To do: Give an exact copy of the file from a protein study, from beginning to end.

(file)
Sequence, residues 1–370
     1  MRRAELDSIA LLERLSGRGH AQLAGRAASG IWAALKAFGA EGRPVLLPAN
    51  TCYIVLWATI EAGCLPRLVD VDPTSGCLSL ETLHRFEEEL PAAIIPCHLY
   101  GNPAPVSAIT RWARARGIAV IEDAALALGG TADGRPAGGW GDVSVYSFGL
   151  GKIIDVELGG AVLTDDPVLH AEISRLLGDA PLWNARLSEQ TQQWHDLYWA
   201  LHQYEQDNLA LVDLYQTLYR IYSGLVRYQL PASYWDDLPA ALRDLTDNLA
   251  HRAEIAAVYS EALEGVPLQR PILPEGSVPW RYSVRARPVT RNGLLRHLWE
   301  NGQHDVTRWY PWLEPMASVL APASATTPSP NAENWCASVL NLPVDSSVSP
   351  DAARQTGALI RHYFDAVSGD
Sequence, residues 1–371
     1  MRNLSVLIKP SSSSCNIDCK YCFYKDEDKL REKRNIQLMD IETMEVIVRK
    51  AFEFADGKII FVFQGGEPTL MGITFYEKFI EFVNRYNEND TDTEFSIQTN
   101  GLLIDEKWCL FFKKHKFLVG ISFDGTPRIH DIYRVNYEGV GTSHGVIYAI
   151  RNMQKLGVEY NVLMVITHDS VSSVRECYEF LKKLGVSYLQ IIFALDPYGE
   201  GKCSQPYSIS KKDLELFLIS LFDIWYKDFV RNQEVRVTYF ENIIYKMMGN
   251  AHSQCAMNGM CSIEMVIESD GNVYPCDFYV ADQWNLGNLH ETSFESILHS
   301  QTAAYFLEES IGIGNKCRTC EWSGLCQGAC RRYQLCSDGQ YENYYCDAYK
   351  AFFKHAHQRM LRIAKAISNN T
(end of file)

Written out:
Sequence, residues 1–370
     1  MRRAELDSIA LLERLSGRGH AQLAGRAASG IWAALKAFGA EGRPVLLPAN
    51  TCYIVLWATI EAGCLPRLVD VDPTSGCLSL ETLHRFEEEL PAAIIPCHLY
   101  GNPAPVSAIT RWARARGIAV IEDAALALGG TADGRPAGGW GDVSVYSFGL
   151  GKIIDVELGG AVLTDDPVLH AEISRLLGDA PLWNARLSEQ TQQWHDLYWA
   201  LHQYEQDNLA LVDLYQTLYR IYSGLVRYQL PASYWDDLPA ALRDLTDNLA
   251  HRAEIAAVYS EALEGVPLQR PILPEGSVPW RYSVRARPVT RNGLLRHLWE
   301  NGQHDVTRWY PWLEPMASVL APASATTPSP NAENWCASVL NLPVDSSVSP
   351  DAARQTGALI RHYFDAVSGD
Sequence, residues 1–371
     1  MRNLSVLIKP SSSSCNIDCK YCFYKDEDKL REKRNIQLMD IETMEVIVRK
    51  AFEFADGKII FVFQGGEPTL MGITFYEKFI EFVNRYNEND TDTEFSIQTN
   101  GLLIDEKWCL FFKKHKFLVG ISFDGTPRIH DIYRVNYEGV GTSHGVIYAI
   151  RNMQKLGVEY NVLMVITHDS VSSVRECYEF LKKLGVSYLQ IIFALDPYGE
   201  GKCSQPYSIS KKDLELFLIS LFDIWYKDFV RNQEVRVTYF ENIIYKMMGN
   251  AHSQCAMNGM CSIEMVIESD GNVYPCDFYV ADQWNLGNLH ETSFESILHS
   301  QTAAYFLEES IGIGNKCRTC EWSGLCQGAC RRYQLCSDGQ YENYYCDAYK
   351  AFFKHAHQRM LRIAKAISNN T